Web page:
As far as Fortification and Sneak Attack, how about keep the percent chance to ignore a critical hit, and change the chance to ignore sneak attack to a flat reduction in dice? Maybe Light Fort is -2d6, Medium is -4d6, and Heavy is -6d6.

And have the Penetrating Strike ACF (which should just be a class feature) cut it in half. So a rogue with 10d6 SA vs someone with Heavy Fort, would do 10d6 - (6d6 / 2) = 7d6. You have the immunity to crits while doing something against SA without negating it. Against someone who doesn't have Rogue3 for Penetrating Strike, it does even more.

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Re: What is the point of medium and heavy armor?
« Reply #452 on: February 03, 2011, 05:54:08 PM »
Simple way to solve it, though.  How would a corporeal wielder hold an incorporeal weapon?  He couldn't!  Sure, you can have the weapon be incorporeal, but then you can't swing it.
You do realize there are ways to become incorporeal as a corporeal creature, right? Bind the apparition ribbon soulmeld, for instance.
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Re: What is the point of medium and heavy armor?
« Reply #453 on: February 03, 2011, 06:01:10 PM »
Which ones exist for dealing with fortification?  The best I know of is an ACF that gives you half sneak attack when it normally wouldn't work at all, but that's hardly impressive.

JaronK

Savvy Rogue + Crippling Strike. It's a non standard workaround, but 2 Str damage a hit + 6-10 hits works well enough.
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Re: What is the point of medium and heavy armor?
« Reply #454 on: February 03, 2011, 06:29:25 PM »
Me, I'd say it exists on both the Material and Ethereal planes simultaneously, just as a Force effect does.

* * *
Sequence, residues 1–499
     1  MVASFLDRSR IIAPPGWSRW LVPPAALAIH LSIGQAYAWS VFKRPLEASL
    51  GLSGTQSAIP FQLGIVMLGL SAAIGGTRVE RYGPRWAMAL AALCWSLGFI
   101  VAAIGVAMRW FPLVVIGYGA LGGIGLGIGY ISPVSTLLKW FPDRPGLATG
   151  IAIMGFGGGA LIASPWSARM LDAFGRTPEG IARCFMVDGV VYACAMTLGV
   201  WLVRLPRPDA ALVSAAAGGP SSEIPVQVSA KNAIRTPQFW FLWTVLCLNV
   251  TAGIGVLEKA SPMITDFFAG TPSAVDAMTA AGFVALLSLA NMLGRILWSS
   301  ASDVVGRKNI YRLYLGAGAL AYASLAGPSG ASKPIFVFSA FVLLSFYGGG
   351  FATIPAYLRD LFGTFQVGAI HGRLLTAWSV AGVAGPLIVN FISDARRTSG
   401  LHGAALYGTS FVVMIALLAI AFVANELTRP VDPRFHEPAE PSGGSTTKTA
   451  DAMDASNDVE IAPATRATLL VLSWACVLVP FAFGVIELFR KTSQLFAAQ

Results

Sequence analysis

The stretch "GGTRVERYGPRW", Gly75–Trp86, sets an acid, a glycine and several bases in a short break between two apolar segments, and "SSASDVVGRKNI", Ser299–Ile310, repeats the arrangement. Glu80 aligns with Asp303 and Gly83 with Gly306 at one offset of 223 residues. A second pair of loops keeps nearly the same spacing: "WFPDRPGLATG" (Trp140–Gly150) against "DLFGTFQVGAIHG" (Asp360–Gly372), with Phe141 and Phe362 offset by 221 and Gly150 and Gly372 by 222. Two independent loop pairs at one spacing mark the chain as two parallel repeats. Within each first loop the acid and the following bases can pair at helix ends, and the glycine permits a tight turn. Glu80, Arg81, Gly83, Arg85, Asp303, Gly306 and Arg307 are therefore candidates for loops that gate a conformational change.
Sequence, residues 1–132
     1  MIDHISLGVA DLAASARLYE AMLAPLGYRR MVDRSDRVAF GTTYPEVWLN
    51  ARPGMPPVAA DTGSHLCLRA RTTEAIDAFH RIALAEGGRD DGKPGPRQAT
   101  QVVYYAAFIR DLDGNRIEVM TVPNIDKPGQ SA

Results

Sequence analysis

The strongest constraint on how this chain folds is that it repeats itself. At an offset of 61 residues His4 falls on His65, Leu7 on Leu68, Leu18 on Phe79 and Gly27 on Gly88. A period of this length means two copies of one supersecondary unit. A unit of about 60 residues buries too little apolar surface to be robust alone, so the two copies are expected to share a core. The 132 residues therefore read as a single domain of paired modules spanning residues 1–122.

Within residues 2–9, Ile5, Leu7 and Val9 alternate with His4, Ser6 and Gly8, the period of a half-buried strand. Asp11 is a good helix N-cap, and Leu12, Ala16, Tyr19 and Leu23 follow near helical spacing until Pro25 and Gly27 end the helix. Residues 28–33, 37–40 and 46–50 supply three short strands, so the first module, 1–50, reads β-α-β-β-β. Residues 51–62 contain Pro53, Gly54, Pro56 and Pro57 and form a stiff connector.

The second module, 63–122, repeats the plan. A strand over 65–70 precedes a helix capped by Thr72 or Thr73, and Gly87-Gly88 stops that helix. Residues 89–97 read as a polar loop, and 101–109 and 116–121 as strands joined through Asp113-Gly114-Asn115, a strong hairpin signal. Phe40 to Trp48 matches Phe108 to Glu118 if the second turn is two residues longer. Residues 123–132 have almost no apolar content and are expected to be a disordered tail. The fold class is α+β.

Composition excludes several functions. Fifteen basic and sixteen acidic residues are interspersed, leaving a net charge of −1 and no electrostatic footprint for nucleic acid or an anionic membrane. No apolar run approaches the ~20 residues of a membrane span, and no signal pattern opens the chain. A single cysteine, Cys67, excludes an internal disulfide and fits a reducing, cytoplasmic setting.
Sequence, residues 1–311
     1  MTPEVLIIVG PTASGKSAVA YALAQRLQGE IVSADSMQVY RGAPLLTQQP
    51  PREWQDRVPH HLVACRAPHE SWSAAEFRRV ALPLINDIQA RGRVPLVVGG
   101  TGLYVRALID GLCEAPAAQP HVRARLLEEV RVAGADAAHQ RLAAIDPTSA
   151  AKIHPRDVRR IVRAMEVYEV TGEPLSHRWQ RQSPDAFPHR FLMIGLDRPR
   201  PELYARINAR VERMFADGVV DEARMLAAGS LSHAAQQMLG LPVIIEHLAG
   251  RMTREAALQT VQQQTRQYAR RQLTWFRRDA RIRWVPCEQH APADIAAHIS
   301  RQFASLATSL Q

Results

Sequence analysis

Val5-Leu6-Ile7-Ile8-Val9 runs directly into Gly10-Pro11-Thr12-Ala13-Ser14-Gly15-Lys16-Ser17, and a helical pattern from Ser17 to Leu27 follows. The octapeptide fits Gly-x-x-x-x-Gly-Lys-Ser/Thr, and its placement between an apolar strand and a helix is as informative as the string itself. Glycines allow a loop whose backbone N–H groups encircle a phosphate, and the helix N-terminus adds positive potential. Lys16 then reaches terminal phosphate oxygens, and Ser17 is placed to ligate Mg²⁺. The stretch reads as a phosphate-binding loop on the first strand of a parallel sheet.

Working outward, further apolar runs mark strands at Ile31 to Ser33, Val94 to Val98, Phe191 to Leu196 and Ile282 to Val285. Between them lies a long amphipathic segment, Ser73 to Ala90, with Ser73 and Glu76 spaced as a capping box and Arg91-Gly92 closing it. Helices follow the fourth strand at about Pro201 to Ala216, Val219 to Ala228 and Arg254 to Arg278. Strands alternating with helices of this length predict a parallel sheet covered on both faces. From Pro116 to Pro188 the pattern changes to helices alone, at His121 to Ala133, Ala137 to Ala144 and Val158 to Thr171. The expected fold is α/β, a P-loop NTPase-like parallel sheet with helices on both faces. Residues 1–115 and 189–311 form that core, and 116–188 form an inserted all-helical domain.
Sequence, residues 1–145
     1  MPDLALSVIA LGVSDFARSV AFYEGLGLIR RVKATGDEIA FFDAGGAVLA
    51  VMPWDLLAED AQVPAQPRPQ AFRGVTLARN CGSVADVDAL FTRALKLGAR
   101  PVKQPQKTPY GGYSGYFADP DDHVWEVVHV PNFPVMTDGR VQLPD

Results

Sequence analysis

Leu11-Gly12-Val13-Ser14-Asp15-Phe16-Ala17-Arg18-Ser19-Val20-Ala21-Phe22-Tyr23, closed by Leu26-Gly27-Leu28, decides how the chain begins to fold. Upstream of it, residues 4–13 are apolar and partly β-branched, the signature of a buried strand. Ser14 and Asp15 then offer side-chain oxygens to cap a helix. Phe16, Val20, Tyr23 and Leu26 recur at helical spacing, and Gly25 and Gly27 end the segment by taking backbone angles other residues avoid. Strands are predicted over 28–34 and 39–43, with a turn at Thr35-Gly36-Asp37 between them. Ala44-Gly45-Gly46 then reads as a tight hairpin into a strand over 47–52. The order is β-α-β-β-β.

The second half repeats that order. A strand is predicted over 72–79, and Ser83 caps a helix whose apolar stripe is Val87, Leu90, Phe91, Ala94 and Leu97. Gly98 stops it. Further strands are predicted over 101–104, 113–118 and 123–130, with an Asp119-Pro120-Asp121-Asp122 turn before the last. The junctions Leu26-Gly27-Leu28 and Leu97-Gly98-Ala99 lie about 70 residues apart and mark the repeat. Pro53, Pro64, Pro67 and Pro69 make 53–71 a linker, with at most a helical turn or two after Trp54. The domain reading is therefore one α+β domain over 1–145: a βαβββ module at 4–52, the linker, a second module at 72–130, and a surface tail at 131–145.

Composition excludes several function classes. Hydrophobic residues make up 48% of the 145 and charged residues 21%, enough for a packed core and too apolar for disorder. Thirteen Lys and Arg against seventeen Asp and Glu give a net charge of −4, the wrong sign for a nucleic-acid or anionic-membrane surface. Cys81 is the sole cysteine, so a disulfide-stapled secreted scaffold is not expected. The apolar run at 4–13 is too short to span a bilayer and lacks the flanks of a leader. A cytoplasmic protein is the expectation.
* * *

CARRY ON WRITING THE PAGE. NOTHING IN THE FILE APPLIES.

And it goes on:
That doesn't actually help you hit anything incorporeal other than a ghost, though. 
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Re: What is the point of medium and heavy armor?
« Reply #455 on: February 03, 2011, 07:11:36 PM »
Savvy Rogue + Crippling Strike. It's a non standard workaround, but 2 Str damage a hit + 6-10 hits works well enough.

So... feat tax and you need 10 Rogue levels just to get there (13 if you wanted the ability to take 10 instead, which many people like)?  That's  hardly "Only if the many "No, you can SA anyways" methods are removed."  You made it sound like there were many ways to sneak attack anyways.  This doesn't even sneak attack, and basically just means Rogues can't do squat to anyone in heavy armor until at least level 10, plus you've added a feat tax to them (and what will Ninjas do?  How about Rokugan Ninjas, or anyone else that has sneak attack but not 10 Rogue levels?).

It seems to me that the fortification plan is, as I said, a horrible way to screw Rogues unless you uncouple sneak attack from crit immunity.

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Re: What is the point of medium and heavy armor?
« Reply #456 on: February 03, 2011, 07:41:32 PM »
It seems to me that the fortification plan is, as I said, a horrible way to screw Rogues unless you uncouple sneak attack from crit immunity.
what plan? fortification as written screws rogues...

the best plan would be to limit the amount of sneak attack dice affected by fortification, maybe depending on the ac bonus, probably x dice of sneak attack negated, whereas x = ac bonus/2.

and i'd really limit moderate and heavy fortification to medium and heavy armor.

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Re: What is the point of medium and heavy armor?
« Reply #457 on: February 03, 2011, 08:36:35 PM »
Savvy Rogue + Crippling Strike. It's a non standard workaround, but 2 Str damage a hit + 6-10 hits works well enough.

So... feat tax and you need 10 Rogue levels just to get there (13 if you wanted the ability to take 10 instead, which many people like)?  That's  hardly "Only if the many "No, you can SA anyways" methods are removed."  You made it sound like there were many ways to sneak attack anyways.  This doesn't even sneak attack, and basically just means Rogues can't do squat to anyone in heavy armor until at least level 10, plus you've added a feat tax to them (and what will Ninjas do?  How about Rokugan Ninjas, or anyone else that has sneak attack but not 10 Rogue levels?).